Drought is always an issue that ranchers are concerned about in north Texas, but more caution is warranted when considering the following predictions:

Along with heat will come stronger drought, which "has profound economic impacts," said Hayhoe.

The prediction that North Texas will have longer and more severe droughts is based on multiple factors, including the relationship between high temperatures and soil dryness and the presence of more frequent and longer lasting high-pressure systems in summer that suppress rainfall and deflect storms away from our area.

Hayhoe points to Texas' 2010-2013 drought as a probable sign of things to come.

Quite the contrary.  In none of the four climate divisions that make up the northern half of Texas have there been any statistically significant trends toward increasing drought since records began in 1895 (see graphs for climate divisions 123, and 4; positive values [green bars] represent increasingly wet conditions, while negative values [yellow bars] indicate increasing drought).  In fact, in divisions 2, 3, and 4 (the north-central and north-east regions of Texas), on the balance of probabilities, historical trends suggest less drought in the future, not more.

Climate predictions are hard, and the record in Texas has not been promising of late.  In a time of scarce public resources and more pressing, and demonstrably real, national security concerns – such as the border crisis – policy-makers in Texas need to consider a more balanced examination of climate change impacts on the state and avoid deploying limited funds and enacting unwise policies in an attempt to ward off projections that hold a significant chance of not coming true.

One way of decreasing pressure on Texas's water resources would be to halt and reduce the massive influx of illegal immigrants into the state, whose "official" numbers increased by an order of magnitude to nearly 5 million between 1970 and 2014.  The actual number of illegal aliens in Texas is likely much higher and increasing more rapidly than official statistics suggest.  Curbing this population increase alone would go a long way to dealing with many of the issues raised in the Dallas Morning News article.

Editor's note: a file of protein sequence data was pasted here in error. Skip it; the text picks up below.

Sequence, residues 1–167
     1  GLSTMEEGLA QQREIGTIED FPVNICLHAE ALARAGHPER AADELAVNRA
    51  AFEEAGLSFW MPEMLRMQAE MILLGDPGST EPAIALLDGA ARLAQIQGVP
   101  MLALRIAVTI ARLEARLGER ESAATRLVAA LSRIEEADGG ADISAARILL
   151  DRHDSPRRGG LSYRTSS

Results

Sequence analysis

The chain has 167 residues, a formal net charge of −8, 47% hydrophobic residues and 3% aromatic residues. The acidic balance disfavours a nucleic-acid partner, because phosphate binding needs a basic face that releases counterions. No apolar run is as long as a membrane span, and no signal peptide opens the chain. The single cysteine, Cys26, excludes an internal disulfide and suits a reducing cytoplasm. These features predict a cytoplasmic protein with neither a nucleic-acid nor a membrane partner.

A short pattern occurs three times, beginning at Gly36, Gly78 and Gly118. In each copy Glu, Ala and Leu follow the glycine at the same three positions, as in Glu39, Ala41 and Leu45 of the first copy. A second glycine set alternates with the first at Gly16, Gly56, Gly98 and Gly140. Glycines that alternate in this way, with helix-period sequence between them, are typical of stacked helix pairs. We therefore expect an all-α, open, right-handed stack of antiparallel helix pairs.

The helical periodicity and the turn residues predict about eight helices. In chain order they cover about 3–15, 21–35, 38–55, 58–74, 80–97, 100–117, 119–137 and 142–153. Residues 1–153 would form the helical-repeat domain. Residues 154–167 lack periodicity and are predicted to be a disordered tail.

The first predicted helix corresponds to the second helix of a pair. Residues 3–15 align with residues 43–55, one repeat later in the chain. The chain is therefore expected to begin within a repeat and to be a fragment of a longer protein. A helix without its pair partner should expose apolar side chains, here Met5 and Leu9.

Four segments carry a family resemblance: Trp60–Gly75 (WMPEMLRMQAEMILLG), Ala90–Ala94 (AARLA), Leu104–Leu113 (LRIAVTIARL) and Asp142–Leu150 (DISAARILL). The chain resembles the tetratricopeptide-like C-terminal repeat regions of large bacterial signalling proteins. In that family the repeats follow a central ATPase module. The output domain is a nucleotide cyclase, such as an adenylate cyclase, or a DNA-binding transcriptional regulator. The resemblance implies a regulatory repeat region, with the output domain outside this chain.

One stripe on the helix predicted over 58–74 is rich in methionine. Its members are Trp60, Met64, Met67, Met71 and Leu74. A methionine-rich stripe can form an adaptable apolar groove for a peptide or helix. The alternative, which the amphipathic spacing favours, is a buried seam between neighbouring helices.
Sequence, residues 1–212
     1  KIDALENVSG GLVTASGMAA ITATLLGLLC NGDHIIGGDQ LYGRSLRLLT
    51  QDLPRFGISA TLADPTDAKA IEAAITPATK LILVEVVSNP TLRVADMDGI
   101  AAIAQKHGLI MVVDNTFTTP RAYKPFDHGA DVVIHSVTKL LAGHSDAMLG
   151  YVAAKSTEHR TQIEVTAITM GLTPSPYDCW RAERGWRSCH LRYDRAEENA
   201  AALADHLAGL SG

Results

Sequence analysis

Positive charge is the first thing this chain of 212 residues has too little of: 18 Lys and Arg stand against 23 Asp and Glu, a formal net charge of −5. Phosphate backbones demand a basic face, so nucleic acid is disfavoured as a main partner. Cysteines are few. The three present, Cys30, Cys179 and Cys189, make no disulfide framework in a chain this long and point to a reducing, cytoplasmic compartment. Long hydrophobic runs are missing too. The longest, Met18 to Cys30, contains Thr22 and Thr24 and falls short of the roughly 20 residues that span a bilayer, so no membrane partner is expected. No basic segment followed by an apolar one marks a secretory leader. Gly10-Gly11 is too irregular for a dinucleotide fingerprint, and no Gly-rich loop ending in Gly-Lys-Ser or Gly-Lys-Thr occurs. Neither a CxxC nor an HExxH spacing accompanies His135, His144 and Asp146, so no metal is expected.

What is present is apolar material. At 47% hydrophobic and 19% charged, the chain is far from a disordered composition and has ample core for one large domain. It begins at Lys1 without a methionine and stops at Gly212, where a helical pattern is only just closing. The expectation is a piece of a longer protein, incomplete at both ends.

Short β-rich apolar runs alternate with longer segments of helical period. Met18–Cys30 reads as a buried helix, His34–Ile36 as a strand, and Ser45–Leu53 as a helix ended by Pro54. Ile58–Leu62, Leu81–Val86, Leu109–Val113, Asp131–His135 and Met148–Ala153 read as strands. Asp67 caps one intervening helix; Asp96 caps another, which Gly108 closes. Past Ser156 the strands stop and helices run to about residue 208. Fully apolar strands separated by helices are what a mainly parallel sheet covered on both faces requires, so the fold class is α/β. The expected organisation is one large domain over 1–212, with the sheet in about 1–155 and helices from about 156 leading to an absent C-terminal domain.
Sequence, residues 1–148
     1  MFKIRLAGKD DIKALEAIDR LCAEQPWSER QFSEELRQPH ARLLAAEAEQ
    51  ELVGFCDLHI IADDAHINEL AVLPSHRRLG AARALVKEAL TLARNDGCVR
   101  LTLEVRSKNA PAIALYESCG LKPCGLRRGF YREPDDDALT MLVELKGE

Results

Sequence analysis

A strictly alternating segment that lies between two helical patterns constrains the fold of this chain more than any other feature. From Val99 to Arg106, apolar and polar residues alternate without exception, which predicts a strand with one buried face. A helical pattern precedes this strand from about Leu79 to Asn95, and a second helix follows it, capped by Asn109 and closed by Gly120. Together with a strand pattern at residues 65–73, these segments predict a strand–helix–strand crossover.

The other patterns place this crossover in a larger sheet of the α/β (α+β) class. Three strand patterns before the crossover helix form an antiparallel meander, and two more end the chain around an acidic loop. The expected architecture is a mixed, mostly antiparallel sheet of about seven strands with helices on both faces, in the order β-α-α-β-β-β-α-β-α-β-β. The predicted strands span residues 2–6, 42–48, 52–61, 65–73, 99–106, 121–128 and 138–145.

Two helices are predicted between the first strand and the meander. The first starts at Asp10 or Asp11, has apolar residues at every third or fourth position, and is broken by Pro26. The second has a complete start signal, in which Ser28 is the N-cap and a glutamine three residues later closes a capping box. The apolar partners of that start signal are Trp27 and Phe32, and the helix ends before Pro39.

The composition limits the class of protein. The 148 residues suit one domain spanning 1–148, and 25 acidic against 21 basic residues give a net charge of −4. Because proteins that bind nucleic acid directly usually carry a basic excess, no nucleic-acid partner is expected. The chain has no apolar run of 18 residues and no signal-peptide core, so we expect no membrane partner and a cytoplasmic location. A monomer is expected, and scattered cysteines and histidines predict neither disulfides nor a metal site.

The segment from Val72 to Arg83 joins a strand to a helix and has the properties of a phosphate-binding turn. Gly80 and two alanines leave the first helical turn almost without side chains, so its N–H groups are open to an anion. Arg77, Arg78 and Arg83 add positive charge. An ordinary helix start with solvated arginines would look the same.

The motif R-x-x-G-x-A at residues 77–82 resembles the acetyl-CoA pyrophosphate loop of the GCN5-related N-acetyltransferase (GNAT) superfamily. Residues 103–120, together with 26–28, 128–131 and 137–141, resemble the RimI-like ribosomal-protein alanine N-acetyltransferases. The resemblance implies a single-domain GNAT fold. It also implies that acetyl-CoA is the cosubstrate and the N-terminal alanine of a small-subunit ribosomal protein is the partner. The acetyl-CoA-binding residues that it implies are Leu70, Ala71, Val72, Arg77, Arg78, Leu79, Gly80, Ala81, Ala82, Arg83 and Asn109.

For all its positive attributes, the great state of Texas has one major failing: the inability of its mainstream media to rationally discuss climate change.  Unfortunately, Texas media are being used to implement the shock doctrine approach to environmental policy.

Back in 2014, one of us (S.R.) discussed this topic specifically in the context of the severe drought that was underway in north Texas.  Readers may remember that at the time, Wichita Falls was ground zero for the drought, and its municipal drinking water reservoirs were being drawn down.  Residents were understandably concerned.

However, what emerged during this drought was some potentially problematic policy advice from the George W. Bush Institute in Dallas.  As S.R. wrote in response at the time:

The point of all this data is that we need to be cautious with precipitation and drought statistics in Texas.  Anecdotal writing is more popular in the media today than ever.  Sometimes this writing style can be useful, but very often it distorts reality by over-generalizing from an isolated case, in shock doctrine style[.] ...

The worst drought conditions in the state from a couple years ago are easing. Although east Texas is almost out of drought, everywhere else is still in a significant drought – but if trends continue, the pressure may lift over the next couple years.  Now simply isn't the time to create comprehensive and far-reaching water policy in shock doctrine style.  Following the advice of Rahm Emanuel to "never let a good crisis go to waste" will not lead Texas in the direction it needs to go, particularly when I see statements by the George W. Bush Institute such as "the trick is finding the right balance between planning and property rights."

Discussions over property rights are never best conducted when a crisis is at hand.  Wait until the drought crisis settles down – which it undoubtedly will – and then begin examining proposals over this very contentious topic (especially in Texas, where property rights issues are taken more seriously than almost anywhere else)[.] ...

Patience is needed in the Lone Star State on water policy.  Avoid the shock doctrine.

And sure enough, our recommendation for patience paid off.  Within one year of our article being published, the reservoirs in Wichita Falls were already back up to effectively 100% of capacity, a point they have maintained ever since.

This brings us to a recent article in the Dallas Morning News predicting that "[c]limate change [is] to bring North Texas longer droughts, heavy rains, 120-degree temps within 25 years."  And in this report, we find the following claims: